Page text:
jolt

1 of 2

noun

1
: an abrupt, sharp, jerky blow or movement
awoke with a jolt
2
a(1)
: a sudden feeling of shock, surprise, or disappointment
the news gave them a jolt
(2)
: an event or development causing such a feeling
the defeat was quite a jolt
b
: a serious setback or reverse
a severe financial jolt
3
: a small but potent or bracing portion of something
a jolt of horseradish
jolty adjective

jolt

2 of 2

verb

jolted; jolting; jolts

transitive verb

1
a
: to disturb the composure of : shock
crudely jolted out of that moodVirginia Woolf
an announcement that jolted the community
b
: to interfere with roughly, abruptly, and disconcertingly
determination to pursue his own course was jolted badlyF. L. Paxson
2
: to cause to move with a sudden jerky motion
passengers being jolted along a bumpy road
3
: to give a knock or blow to
specifically : to jar with a quick or hard blow

intransitive verb

: to move with a sudden jerky motion
jolter noun

Examples of jolt in a Sentence

Noun I sprang out of bed with a jolt. The car stopped with a jolt. I got quite a jolt when I heard the door slam. The defeat was quite a jolt to the team. The stock market suffered a major jolt yesterday. She needed a jolt of caffeine to start her day. The unexpected praise he received gave him a jolt of confidence. Verb The explosion jolted the ship. He was jolted forward when the bus stopped suddenly. The loud bang jolted me awake. The attack jolted the country into action. She jolted the medical world with her announcement. See More
Recent Examples on the Web
Noun
After hearing all of this and witnessing Kiffin open up about the changes he’s tried to make since USC, the news of Robbins’ lawsuit against Kiffin hits with an extra jolt. J. Brady McCollough, Los Angeles Times, 17 Sep. 2023 What was a relatively quiet week for the Big Ten's top teams received a jolt on Saturday night. Craig Meyer, Detroit Free Press, 10 Sep. 2023 Maybe a jolt will help: The Rangers have already been talking about possibly adding top prospect Evan Carter. Evan Grant, Dallas News, 7 Sep. 2023 Boxy, subdued, and ornate, this new Century is essentially as big as many full-size SUVs but only seats four, as the two rear seats recline in all sorts of ways and offer features including an entertainment system and even a driving mode meant to smooth braking jolts for the rear-seat passengers. Joey Capparella, Car and Driver, 6 Sep. 2023 The winding circuitry of their conversations yields some electrifying jolts of truth. Sophia Nguyen, Washington Post, 30 Aug. 2023 The Pop of Color Outfit Rich earth tones are staples for fall, but break them up with a jolt of bold color via a skirt or dress. Aemilia Madden, Harper's BAZAAR, 29 Aug. 2023 Rather than a gentle rolling quake, this seismic activity felt like a brief jolt that could be felt from as far north as Long Beach and as far south as Tijuana, and from as far inland as Poway and San Bernardino, according to the USGS community internet intensity map. Pam Kragen, San Diego Union-Tribune, 29 Aug. 2023 This sudden mid-air jolt is caused by wind shear created by the jet stream, specifically the polar front jet stream in northern latitudes. Darren Orf, Popular Mechanics, 5 Sep. 2023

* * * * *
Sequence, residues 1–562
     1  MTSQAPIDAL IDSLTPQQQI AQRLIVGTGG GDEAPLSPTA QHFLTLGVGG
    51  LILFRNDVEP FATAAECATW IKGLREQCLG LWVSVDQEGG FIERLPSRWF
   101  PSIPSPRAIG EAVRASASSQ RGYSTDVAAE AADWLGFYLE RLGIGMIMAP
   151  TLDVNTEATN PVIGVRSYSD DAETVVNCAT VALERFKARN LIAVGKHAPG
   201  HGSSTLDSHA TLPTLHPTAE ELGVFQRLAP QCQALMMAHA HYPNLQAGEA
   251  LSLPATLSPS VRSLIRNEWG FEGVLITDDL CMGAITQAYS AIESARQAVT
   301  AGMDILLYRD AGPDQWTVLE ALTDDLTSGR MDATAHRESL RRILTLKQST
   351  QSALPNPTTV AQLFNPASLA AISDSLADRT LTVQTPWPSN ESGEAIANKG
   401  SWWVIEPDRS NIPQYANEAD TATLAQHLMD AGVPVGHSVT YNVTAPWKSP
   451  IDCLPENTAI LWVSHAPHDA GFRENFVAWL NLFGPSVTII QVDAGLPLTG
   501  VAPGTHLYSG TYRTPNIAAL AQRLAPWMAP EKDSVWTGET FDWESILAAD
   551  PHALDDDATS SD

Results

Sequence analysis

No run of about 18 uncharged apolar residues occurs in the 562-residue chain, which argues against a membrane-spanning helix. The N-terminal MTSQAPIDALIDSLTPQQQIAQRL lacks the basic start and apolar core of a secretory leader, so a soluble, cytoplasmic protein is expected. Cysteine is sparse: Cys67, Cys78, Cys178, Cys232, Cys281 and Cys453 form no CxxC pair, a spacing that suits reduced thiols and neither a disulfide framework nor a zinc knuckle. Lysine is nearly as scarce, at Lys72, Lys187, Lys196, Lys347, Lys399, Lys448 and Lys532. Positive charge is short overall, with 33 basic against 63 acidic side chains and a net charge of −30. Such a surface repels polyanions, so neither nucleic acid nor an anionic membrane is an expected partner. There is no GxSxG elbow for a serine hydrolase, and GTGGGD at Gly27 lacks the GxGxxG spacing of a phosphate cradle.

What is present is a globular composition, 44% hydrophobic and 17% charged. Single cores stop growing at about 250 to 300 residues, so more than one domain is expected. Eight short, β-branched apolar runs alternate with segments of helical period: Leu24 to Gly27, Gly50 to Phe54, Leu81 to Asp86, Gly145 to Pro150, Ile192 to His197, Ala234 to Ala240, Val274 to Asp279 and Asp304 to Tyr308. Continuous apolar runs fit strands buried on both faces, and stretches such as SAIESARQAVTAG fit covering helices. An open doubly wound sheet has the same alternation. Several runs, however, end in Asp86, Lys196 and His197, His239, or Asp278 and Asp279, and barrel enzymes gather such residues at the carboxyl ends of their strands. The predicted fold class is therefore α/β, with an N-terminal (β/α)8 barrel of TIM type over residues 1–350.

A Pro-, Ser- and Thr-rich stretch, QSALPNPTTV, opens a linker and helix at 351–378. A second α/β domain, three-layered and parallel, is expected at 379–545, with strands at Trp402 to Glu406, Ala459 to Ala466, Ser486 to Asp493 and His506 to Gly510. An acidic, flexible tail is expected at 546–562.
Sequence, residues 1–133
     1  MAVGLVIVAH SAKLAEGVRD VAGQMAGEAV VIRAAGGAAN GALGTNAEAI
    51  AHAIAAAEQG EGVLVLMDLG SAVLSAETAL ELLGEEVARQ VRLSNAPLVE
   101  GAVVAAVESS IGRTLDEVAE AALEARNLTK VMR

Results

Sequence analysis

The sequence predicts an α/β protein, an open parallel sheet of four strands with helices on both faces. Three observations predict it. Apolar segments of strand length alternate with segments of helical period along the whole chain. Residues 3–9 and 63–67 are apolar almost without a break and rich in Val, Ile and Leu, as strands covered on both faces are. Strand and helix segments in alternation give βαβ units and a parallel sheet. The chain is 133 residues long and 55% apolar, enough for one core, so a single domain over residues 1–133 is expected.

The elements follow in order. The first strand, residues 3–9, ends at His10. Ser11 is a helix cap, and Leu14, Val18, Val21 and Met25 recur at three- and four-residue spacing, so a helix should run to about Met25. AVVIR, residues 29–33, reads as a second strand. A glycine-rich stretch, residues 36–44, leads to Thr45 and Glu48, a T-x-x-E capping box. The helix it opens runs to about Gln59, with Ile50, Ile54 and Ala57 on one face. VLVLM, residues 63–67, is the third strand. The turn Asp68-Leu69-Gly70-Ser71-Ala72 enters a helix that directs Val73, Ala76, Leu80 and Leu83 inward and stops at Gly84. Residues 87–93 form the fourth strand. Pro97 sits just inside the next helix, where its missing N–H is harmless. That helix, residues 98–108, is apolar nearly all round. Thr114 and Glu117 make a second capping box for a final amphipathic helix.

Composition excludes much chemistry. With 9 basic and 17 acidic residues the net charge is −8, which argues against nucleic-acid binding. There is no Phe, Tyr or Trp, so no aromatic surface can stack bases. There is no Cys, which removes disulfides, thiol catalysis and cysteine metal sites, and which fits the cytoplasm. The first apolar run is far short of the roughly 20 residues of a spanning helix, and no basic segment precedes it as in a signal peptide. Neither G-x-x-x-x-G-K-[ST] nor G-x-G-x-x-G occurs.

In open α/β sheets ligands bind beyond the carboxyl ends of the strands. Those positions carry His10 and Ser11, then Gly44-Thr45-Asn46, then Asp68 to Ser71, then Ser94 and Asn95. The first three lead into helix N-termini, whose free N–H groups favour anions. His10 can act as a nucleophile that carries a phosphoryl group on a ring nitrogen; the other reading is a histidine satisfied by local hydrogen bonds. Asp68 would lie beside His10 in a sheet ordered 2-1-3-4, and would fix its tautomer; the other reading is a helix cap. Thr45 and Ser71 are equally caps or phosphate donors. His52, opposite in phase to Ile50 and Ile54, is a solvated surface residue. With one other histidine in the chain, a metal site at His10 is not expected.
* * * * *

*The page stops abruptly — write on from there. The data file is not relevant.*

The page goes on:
Verb
But millions in Morocco felt the planet shake and splinter, jolt and disintegrate, before thousands of the most unfortunate were greeted by tectonic rage. Robin George Andrews, The Atlantic, 10 Sep. 2023 Throughout 2022, gas prices were especially hard to predict as the Russian invasion of Ukraine jolted global commodities markets. Allison Morrow, CNN, 7 Sep. 2023 While the cause of the fire is still undetermined, those fears played out with terrifying velocity shortly after 1 a.m. Thursday when the first flames and whiffs of smoke jolted residents awake. Lynsey Chutel, New York Times, 1 Sep. 2023 Plenty of us know the feeling of flipping on the TV or opening Instagram to jolt our attention or calm our nerves. Tatum Hunter, Washington Post, 28 Aug. 2023 The authorities have rightly called this heinous act racially motivated, a term that should jolt us into action. Dennis Romero, NBC News, 27 Aug. 2023 Branch’s feats had even his opponents in awe as the freshman stole the show in his college debut, jolting No. 6 USC out of its offseason slumber with 232 all-purpose yards and two touchdowns in a season-opening 56-28 victory at the Coliseum on Saturday. Thuc Nhi Nguyen, Los Angeles Times, 27 Aug. 2023 Since the mass shooting at The Covenant School, a private Christian school in Nashville, Alexander, 44, has been jolted into political activism for the first time in her life. Kevin Sullivan, Anchorage Daily News, 21 Aug. 2023 Meanwhile, separate from the Rainbow-Fallbrook dispute, the local water world was jolted by a recent development in Imperial County. Michael Smolens, San Diego Union-Tribune, 20 Aug. 2023 See More

These examples are programmatically compiled from various online sources to illustrate current usage of the word 'jolt.' Any opinions expressed in the examples do not represent those of Merriam-Webster or its editors. Send us feedback about these examples.

Word History

Etymology

Verb and Noun

probably blend of obsolete joll to strike and jot to bump

First Known Use

Noun

1599, in the meaning defined at sense 1

Verb

1596, in the meaning defined at transitive sense 2

Time Traveler
The first known use of jolt was in 1596

Dictionary Entries Near jolt

Cite this Entry

“Jolt.” Merriam-Webster.com Dictionary, Merriam-Webster, https://www.merriam-webster.com/dictionary/jolt. Accessed 23 Sep. 2023.

Kids Definition

jolt

1 of 2 verb
1
: to give a quick hard blow to : jar
2
: to move jerkily
jolter noun

jolt

2 of 2 noun
1
: a sudden jarring blow or movement
2
: a sudden shock or surprise

More from Merriam-Webster on jolt

Last Updated: - Updated example sentences
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